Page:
Whenever we have a thought or physical sensation thousands of neurons are triggered and get together to form a neural network in the brain. “Experience-dependent neuroplasticity” is the scientific term for this activity of continual creation and grouping of neuron connections which take place as a result of our personal life experiences. With repetitive thinking, the brain learns to trigger the same neurons each time, and neuroscientists and psychologists have found that the brain can be “trained” to build positive neural traits from positive mental states. The trouble is, the brain tends towards the negative: it is very bad at learning from good experiences and very good at learning from bad ones. This negativity bias was very important in keeping our ancestors alive during times of great hardship and danger, but in our 21st-century brains it can be a block that prevents positive experiences from becoming inner strengths which are built into our neural structure.
As musicians most of us are very familiar with “the inner critic”, that destructive voice within that can sabotage a practise session or performance and damage our self-esteem with negative self-talk. The ability to self-evaluate one’s playing and performance and give oneself critical feedback is of course very important: it enables us to practise effectively and mindfully, it encourages humility in our work and tempers the ego. Equally, we should be able to accept criticism and feedback from teachers, mentors, colleagues and peers, provided it is given in the right way. But if our own self-criticism, and/or the comments of others, is repeated too often we can fall into a spiral of negativity.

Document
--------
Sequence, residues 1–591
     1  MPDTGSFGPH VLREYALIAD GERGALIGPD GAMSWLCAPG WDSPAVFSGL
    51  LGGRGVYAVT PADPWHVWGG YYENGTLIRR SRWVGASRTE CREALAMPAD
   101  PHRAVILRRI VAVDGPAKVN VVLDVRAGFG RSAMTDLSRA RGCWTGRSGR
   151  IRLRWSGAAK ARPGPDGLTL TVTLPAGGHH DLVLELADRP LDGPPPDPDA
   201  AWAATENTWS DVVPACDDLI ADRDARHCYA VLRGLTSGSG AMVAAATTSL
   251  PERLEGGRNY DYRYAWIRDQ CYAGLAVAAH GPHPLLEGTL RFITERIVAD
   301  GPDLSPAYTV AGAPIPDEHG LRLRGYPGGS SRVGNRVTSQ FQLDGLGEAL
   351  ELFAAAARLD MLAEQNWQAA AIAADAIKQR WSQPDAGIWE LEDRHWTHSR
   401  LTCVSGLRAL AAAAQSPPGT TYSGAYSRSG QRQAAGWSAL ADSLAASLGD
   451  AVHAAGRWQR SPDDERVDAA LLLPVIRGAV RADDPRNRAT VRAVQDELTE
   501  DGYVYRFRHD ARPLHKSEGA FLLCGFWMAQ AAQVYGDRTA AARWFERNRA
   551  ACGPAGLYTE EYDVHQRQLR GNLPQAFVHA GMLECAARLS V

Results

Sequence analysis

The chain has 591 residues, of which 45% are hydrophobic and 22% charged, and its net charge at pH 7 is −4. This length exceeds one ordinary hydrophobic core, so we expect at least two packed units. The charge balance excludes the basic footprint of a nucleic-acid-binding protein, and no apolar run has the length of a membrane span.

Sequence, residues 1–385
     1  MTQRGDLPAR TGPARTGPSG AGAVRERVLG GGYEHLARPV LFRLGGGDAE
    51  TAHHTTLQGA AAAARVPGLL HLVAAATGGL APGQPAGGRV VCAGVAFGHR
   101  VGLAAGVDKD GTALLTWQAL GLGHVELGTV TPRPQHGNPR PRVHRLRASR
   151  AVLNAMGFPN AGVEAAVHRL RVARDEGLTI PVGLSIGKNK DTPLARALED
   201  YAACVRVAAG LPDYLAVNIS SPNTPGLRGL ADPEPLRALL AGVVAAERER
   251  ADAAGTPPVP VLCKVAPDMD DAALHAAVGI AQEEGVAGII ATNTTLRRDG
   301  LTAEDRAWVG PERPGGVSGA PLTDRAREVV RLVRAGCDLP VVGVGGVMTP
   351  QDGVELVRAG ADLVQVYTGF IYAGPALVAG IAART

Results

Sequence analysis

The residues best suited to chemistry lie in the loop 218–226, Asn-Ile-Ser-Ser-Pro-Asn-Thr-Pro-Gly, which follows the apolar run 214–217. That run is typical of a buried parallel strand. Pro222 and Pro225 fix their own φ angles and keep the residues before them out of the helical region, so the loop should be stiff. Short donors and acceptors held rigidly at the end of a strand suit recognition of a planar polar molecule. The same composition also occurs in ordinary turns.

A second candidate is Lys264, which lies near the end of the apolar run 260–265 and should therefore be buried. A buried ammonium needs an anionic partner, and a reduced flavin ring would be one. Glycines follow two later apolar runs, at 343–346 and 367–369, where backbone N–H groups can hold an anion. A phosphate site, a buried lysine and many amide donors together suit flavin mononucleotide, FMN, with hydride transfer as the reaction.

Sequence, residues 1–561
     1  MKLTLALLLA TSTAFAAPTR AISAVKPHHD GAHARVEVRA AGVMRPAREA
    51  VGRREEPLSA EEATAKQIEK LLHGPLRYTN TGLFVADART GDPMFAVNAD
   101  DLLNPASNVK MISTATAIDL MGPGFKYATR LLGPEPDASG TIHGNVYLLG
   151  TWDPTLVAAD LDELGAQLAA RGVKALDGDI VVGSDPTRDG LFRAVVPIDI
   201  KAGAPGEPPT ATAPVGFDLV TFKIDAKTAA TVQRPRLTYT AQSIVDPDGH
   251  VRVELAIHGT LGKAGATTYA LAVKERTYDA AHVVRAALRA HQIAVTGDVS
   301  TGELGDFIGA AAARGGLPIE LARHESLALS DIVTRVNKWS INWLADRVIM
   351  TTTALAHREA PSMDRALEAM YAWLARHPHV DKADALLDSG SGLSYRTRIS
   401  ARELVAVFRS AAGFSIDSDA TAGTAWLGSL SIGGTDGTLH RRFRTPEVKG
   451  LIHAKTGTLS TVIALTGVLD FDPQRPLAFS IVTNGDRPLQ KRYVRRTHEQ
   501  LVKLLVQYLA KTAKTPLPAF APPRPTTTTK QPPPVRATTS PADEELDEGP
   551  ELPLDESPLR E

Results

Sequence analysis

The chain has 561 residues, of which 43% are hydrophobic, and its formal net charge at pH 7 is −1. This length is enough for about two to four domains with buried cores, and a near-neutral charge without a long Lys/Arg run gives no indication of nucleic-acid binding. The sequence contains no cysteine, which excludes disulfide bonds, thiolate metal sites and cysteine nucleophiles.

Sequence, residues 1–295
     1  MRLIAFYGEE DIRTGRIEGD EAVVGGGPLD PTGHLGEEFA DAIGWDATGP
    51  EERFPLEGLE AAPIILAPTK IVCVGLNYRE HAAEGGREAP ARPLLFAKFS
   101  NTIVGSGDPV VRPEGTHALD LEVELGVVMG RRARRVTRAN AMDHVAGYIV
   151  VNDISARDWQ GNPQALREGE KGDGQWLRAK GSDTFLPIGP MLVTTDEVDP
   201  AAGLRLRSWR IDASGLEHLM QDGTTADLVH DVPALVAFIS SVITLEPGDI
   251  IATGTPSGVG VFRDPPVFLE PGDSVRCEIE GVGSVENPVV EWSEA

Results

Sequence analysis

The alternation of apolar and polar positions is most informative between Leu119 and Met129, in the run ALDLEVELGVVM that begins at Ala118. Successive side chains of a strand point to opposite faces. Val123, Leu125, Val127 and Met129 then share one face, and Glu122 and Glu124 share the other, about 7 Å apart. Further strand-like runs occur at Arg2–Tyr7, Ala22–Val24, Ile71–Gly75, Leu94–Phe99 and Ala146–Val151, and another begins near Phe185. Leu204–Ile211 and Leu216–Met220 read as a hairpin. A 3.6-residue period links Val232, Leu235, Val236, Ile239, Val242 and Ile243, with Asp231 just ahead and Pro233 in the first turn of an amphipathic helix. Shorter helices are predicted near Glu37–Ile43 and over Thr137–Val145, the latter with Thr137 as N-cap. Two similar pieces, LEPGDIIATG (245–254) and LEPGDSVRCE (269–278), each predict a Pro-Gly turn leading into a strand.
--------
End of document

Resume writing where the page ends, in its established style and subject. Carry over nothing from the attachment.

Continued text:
From the teacher who continually undermines the student with negative feedback to the inner critic which constantly comments adversely on one’s playing, chipping away at one’s self-confidence, these repetitive detrimental experiences encourage negative neural traits which in turn build a negative mental state – and with repetitive thinking, the brain learns to trigger the same neurons each time. So if you continually dwell on self-criticism, anxieties about your abilities, your lack of confidence or a teacher’s negative comments, your mind will more easily find that part of your brain and will quickly help you to think those same negative thoughts again and again.
An example – the piano student who constantly self-criticises her own playing. The student in question is in her mid-teens, a bright, enthusiastic, engaged and confident young person who is not only a sensitive pianist but also a talented violinist and who is developing into an intelligent and expressive musician. Each lesson usually begins with the student playing one of the pieces or studies she is working on for her Grade 8 exam. She plays well, taking note of expression and tempo markings, dynamics, articulation, but almost every slip is met with profuse apologies or restarts, and as the music progresses, the errors increase. Her performance usually ends with her saying “I’m so sorry! That was awful! I played terribly today” – or words to that effect. Despite her teacher’s (me) reassurance that she played well, that there is noticeable improvement, etc., she continues to berate herself for her lack of ability. She recently performed in a school concert, playing with great poise and apparent confidence. Yet no sooner had she replaced her violin in its case, than the negative self-crticism and worrying about the quality of her performance began. Later, at the drinks reception following the concert, many members of staff and friends told her how beautifully she’d played, how much they had enjoyed her performance, but she continued to accentuate the negatives.